It’s time to grade the lone selection for the Los Angeles Lakers as they attempt to fill out their roster with inexpensive young talent through the 2019 NBA Draft.
The Los Angeles Lakers were happy to end the first round without a draft pick. For the Lakers, their 2019 NBA Draft will be defined by a player that was selected by the New Orleans Pelicans in 2012: Anthony Davis. Of course, the Lakers acquired Davis in a blockbuster trade over the weekend, and were more than content sitting back with their superstar prize.
With that being said, the Lakers entered the draft feeling the need to gather a player without the baggage of a guaranteed salary slot. To accomplish this, the Lakers had to purchase a second round pick.
In the past, the Lakers have profited by drafting later on in the draft with success stories coming from the likes of Kyle Kuzma and Josh Hart. The jury is still out on Isaac Bonga and Sviatoslav Mykhailiuk (now of the Detroit Pistons), whom the Lakers acquired during last year’s draft night.
This year, the Lakers bought a second round pick from the Orlando Magic to select 46th overall. With that selection, the Lakers drafted forward Talen Horton-Tucker out of Iowa State. In addition to cash considerations, The Athletic‘s Shams Charania reports that a future pick will be headed to Orlando.
The Lakers couldn’t move high enough into the second round to draft center Bol Bol, but they selected the versatile Horton-Tucker to provide depth on the wing. The Illinois native and former Simeon athlete averaged 11.8 points, 4.9 rebounds, 2.3 assists, 1.3 steals and 0.7 blocks per game on 40.6 percent shooting from the field and 30.8 percent from beyond the arc in his only season at Iowa State.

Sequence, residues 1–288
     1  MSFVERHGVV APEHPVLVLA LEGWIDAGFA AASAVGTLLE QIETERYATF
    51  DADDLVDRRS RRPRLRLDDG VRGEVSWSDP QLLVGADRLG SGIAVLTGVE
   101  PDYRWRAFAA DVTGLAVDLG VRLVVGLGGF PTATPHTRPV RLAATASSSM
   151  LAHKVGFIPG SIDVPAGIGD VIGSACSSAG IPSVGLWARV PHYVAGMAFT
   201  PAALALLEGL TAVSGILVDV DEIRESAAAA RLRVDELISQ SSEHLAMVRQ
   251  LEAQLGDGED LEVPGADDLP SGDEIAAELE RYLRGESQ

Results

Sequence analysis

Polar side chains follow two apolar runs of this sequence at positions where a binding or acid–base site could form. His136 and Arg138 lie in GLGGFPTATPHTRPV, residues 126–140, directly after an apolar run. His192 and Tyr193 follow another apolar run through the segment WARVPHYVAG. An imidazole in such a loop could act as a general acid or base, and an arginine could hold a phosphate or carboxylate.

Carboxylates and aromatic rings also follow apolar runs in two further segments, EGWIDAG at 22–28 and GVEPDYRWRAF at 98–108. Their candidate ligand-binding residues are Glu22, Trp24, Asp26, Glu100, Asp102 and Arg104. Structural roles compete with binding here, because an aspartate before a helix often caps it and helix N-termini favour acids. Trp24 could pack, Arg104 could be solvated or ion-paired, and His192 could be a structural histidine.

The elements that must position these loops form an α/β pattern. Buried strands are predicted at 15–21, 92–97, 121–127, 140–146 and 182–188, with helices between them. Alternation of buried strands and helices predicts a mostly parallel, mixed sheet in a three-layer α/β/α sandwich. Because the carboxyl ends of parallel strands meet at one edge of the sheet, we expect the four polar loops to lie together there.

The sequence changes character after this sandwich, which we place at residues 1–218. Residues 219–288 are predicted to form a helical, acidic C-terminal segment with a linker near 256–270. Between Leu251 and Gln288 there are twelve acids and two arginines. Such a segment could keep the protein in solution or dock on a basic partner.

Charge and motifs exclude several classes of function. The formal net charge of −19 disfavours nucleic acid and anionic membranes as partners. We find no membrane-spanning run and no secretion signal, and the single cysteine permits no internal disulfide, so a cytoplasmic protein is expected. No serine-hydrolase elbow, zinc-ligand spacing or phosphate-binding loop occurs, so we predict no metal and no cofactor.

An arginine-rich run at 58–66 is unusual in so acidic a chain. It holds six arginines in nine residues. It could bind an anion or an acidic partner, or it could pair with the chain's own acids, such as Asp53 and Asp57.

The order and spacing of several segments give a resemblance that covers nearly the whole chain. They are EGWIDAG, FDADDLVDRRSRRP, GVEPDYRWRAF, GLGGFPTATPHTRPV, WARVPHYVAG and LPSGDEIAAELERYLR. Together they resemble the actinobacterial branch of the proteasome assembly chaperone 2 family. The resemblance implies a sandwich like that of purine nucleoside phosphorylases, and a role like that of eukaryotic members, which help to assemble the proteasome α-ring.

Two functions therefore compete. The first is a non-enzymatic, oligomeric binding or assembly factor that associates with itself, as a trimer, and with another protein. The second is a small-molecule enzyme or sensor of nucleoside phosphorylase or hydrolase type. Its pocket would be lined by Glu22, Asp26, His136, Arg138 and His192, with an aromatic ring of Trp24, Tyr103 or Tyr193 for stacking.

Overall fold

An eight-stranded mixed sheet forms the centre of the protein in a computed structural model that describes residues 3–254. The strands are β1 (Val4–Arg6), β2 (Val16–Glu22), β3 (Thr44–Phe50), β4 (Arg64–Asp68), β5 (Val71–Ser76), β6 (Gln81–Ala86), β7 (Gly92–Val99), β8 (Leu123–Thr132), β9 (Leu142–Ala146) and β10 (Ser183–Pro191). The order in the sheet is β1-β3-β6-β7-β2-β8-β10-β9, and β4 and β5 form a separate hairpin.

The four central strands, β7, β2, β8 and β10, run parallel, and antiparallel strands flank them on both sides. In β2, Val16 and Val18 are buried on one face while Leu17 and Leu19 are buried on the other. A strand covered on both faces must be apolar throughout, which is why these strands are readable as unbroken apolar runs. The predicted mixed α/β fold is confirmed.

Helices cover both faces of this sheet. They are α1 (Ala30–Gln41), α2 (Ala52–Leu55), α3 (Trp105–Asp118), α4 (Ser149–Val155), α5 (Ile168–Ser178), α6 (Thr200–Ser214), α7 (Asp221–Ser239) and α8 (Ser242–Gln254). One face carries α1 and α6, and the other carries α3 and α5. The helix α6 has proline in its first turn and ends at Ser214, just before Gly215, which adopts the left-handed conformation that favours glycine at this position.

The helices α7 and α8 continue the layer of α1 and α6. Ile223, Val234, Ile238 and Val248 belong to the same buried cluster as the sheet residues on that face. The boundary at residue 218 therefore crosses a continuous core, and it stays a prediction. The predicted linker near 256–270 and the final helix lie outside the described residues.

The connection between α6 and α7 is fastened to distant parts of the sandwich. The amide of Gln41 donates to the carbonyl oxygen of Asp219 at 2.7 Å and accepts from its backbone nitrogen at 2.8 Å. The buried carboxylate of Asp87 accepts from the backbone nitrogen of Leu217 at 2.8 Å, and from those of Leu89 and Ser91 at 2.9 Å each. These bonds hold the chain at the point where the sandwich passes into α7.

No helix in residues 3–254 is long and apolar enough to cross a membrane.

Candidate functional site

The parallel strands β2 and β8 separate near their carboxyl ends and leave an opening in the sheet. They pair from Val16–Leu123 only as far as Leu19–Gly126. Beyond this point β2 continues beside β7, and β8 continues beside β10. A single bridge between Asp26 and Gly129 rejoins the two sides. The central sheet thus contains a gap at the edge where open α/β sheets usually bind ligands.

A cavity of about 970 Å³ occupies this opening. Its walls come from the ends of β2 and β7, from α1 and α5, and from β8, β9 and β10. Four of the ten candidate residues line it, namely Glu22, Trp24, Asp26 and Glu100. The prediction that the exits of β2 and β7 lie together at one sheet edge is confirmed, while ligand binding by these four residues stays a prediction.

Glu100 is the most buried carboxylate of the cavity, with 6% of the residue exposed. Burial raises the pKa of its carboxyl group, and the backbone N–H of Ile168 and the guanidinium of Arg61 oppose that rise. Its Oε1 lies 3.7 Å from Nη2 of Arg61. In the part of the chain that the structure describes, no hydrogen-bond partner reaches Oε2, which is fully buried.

While Horton-Tucker struggled with his shot as a Cyclone, he suggested that his shooting is better than his porous college numbers would indicate, per Mike Trudell of Spectrum SportsNet.
"“Teams were saying they know I’m a better shooter [than that],” he said. “Just staying consistent in the gym and getting better … that’s been the key focus for me in the pre-draft process. I feel like I did that.”"
With that said, the shooting concerns are still noteworthy on a team centered around LeBron James. As was clearly evident last year, James-led teams need outside shooting and this move only places more pressure to fulfill that need during free agency.
Even still, Horton-Tucker’s 7’1” wingspan provides support for his potential versatility as a defender. This lengthy reach helps make up for the fact that Horton-Tucker is an undersized wing at 6’4”.
Interestingly enough, Horton-Tucker had not met with the Lakers at the combine, nor did he workout for the club, according to The Athletic’s Bill Oram.
However, the Lakers will have familiarity dealing with Horton-Tucker’s agency, Klutch Sports. The relationship between the Lakers and Klutch will surely continue to raise eyebrows as another one of their clients will soon don the purple and gold.
While the Lakers need to fill out their roster in any way they can, it’s prudent to wonder if they may have been better off going with a more established prospect. After all, the Lakers are placing a heavy bet on the next three years by sending out multiple future draft picks and pick swaps to the Pelicans in the Davis deal.
Horton-Tucker being only 18 years of age is a comforting attribute for his chances of developing a consistent jump shot, but that timeline may not be appropriate for this veteran Lakers core.
Nonetheless, it is difficult to find real value towards the end of the second round, and the Lakers seem to have found a prospect with legitimate upside. Los Angeles is hoping that Horton-Tucker’s jump shot and conditioning rapidly flourish to run course with the framework of its current roster.